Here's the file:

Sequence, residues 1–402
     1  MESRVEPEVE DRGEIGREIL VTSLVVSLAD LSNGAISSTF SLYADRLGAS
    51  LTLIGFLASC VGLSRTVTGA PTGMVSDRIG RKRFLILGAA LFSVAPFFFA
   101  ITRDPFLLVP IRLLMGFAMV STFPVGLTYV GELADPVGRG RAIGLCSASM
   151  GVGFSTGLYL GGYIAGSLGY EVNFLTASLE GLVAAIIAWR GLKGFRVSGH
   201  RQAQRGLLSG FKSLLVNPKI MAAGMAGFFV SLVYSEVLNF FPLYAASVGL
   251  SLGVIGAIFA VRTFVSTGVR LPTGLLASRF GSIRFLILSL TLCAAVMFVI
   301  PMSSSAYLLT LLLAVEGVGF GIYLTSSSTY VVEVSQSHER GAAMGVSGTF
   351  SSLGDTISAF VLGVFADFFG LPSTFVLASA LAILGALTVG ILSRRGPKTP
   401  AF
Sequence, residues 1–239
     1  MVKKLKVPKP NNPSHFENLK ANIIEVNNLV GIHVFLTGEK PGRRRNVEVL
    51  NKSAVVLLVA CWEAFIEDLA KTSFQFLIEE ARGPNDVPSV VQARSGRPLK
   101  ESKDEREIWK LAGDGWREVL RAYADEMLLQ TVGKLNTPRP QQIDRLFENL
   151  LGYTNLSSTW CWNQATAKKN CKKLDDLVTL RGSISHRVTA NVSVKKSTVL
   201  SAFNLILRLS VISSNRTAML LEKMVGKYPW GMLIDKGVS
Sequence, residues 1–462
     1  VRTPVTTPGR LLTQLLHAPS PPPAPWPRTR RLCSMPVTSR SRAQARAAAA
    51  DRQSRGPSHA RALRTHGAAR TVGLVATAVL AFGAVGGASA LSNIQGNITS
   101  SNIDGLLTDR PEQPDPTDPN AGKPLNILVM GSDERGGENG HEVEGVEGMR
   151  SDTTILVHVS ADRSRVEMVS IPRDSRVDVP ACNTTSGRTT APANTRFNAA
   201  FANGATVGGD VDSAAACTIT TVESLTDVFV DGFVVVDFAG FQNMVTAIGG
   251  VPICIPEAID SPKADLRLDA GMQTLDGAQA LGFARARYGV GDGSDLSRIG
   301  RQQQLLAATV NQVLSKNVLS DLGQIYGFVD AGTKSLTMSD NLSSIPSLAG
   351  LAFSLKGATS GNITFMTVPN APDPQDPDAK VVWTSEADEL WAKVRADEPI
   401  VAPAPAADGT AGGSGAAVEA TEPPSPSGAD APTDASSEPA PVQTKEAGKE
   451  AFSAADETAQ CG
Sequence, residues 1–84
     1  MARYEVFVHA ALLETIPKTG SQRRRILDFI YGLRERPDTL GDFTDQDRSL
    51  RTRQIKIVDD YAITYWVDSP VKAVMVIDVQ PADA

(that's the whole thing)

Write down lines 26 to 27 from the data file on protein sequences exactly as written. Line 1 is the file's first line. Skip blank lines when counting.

   401  VAPAPAADGT AGGSGAAVEA TEPPSPSGAD APTDASSEPA PVQTKEAGKE
   451  AFSAADETAQ CG